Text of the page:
Some people concerned about gaining weight avoid nuts because of their high calorie count and they miss out on the associated health benefits. But researchers from the University of Toronto say those fears can be put aside since eating nuts has not been linked to weight gain.
Researchers pooled the results from more than 100 clinical trials that involved more than half a million participants to compile their findings. It is believed to be the most comprehensive review of the available data on the subject. They discovered the concerns about weight gain and nuts are unwarranted and published a report stating such in the journal Obesity Reviews.
"Overall, we found there is no association between nuts and weight gain, and in fact some analyses showed higher nut intake associated with reductions in body weight and waist circumference," said lead author Stephanie Nishi. "This study really hits home the idea that nuts can be a good option for people with diabetes or cardiovascular risk, but also for all individuals broadly as part of a healthy eating plan, without caveats."
Scientists used the GRADE (Grading of Recommendations Assessment, Development and Evaluation) system to evaluate the quality of the studies reviewed for the analysis.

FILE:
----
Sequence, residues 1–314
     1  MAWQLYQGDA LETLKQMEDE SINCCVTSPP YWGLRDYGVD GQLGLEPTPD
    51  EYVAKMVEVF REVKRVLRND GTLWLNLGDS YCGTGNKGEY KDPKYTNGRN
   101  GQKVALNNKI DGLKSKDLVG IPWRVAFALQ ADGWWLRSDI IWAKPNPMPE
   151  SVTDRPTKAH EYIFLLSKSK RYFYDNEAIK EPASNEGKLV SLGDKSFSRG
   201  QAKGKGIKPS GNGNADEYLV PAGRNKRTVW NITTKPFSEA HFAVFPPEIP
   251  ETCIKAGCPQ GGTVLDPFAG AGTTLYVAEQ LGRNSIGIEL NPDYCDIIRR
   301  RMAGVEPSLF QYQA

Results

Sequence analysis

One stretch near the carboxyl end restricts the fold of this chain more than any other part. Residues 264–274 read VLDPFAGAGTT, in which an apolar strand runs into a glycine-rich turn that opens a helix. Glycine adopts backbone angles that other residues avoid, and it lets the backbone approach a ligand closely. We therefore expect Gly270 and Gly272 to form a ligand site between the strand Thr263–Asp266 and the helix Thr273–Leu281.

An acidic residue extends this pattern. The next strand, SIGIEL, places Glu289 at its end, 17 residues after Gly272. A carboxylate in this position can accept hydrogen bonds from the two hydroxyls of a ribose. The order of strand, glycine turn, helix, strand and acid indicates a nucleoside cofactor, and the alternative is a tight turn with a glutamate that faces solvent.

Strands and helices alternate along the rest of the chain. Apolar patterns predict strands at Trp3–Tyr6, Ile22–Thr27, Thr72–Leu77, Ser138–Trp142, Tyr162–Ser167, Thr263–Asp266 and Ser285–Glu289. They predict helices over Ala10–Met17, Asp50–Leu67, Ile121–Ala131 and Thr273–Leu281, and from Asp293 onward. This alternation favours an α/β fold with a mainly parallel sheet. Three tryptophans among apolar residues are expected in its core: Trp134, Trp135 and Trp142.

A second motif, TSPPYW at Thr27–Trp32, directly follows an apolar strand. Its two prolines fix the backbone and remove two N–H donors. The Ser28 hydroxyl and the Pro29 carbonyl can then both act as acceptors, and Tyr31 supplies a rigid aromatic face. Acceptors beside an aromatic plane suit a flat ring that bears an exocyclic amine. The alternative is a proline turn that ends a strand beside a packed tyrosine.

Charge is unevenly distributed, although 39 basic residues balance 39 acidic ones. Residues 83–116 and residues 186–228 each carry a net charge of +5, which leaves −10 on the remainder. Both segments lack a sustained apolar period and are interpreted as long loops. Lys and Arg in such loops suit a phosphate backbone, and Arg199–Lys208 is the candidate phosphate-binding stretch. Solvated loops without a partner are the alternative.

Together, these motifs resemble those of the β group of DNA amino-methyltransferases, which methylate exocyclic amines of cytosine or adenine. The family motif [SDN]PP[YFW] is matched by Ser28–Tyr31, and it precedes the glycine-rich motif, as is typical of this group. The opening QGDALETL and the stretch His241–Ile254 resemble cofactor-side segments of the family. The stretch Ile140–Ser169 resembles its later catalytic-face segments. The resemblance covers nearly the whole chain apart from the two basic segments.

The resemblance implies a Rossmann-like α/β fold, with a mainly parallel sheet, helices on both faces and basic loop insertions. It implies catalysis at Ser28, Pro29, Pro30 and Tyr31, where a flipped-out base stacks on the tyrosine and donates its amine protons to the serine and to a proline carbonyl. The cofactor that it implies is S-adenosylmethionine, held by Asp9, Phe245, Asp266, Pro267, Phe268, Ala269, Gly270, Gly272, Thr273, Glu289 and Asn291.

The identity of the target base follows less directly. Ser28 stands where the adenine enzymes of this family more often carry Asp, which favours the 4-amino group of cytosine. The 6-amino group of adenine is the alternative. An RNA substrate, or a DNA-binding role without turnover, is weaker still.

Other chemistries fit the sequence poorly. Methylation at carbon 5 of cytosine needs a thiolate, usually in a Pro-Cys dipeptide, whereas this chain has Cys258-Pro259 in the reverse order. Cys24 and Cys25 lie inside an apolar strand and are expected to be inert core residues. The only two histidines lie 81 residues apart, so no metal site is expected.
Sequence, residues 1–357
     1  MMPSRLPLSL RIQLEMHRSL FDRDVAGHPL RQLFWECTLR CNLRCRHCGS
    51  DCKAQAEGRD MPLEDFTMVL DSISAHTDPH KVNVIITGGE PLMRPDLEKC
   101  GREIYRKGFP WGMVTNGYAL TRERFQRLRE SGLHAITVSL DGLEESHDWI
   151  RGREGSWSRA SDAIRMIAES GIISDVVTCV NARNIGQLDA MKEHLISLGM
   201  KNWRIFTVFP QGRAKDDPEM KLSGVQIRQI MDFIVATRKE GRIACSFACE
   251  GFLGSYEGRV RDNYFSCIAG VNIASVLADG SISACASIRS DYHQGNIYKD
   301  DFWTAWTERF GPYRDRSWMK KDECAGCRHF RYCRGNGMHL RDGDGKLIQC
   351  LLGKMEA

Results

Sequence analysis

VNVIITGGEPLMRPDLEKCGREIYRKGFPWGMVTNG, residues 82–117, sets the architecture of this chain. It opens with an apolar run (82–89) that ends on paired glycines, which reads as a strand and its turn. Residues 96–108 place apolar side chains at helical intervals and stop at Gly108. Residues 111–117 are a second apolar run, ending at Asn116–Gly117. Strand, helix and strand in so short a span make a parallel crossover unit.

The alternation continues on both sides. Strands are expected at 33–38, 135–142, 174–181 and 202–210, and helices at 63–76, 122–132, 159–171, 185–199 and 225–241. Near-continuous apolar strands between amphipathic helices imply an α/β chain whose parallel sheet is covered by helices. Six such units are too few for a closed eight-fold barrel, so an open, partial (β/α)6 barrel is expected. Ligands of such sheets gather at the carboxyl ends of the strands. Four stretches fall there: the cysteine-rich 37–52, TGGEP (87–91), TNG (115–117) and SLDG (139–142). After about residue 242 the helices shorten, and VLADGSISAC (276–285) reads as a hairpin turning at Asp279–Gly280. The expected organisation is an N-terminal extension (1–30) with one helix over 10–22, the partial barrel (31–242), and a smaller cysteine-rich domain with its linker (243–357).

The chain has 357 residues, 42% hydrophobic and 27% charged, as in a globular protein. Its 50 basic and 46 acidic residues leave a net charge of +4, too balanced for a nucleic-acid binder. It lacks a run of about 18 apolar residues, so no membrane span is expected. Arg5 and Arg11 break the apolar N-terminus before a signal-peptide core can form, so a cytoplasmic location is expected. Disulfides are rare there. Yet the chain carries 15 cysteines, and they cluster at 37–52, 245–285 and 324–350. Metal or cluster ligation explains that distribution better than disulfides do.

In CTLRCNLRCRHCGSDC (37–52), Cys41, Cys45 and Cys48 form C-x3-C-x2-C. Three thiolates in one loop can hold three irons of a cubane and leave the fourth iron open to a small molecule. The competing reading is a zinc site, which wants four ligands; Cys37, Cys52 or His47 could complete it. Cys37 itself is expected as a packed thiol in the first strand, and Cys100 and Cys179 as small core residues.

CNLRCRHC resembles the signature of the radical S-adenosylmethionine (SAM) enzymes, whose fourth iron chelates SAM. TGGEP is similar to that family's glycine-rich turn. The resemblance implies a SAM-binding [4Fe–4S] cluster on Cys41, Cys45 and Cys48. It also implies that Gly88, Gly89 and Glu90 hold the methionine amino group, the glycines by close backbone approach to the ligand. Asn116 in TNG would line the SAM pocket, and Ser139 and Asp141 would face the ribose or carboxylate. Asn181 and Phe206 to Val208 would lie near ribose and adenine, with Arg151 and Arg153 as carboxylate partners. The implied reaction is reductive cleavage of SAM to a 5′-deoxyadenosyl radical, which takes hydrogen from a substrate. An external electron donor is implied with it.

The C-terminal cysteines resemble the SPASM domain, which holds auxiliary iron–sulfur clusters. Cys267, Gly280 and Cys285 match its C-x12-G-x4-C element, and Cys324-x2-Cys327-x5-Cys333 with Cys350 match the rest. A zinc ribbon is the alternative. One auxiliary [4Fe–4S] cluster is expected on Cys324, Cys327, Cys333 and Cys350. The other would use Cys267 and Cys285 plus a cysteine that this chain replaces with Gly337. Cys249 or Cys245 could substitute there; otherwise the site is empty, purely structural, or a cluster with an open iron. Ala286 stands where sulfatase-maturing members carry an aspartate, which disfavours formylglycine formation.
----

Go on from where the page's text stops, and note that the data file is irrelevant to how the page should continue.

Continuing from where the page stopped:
"We found the certainty of evidence was high for trials and moderate for observational studies," said John Sievenpiper, principal investigator on the study and an associate professor of nutritional sciences and medicine at the Temerty Faculty of Medicine. "That's a good indication of no harm from nuts relative to weight gain—no more than any other foods—and there may indeed be a benefit of weight loss in addition to the other widely acknowledged health benefits of nuts."
Many modern eating plans such as the Mediterranean, Portfolio or DASH diets incorporate the healthy addition of nuts. Despite that, global consumption of nuts is well below the suggested guidelines of one serving per day. A typical serving is 28-42 grams, which equates to 1 to 1.5 ounces. That’s what generally fits in the palm of an adult hand.
"We've seen consumption of nuts increase in some areas over the last decade, especially middle- and high-income countries, but most people could better realize their benefits," said Sievenpiper, who earlier this year found that a calorie labeled is not the same as a calorie digested and absorbed when people consume almonds. He is currently running a clinical trial on heart health and the Portfolio diet, which has nuts as one of the primary pillars.
"I didn't used to eat many nuts, but now I'm surrounded by almonds and macadamias—so eating more," Nishi said. "Especially due to the evidence supporting their health benefits, but also because of their versatility in the kitchen and on the go."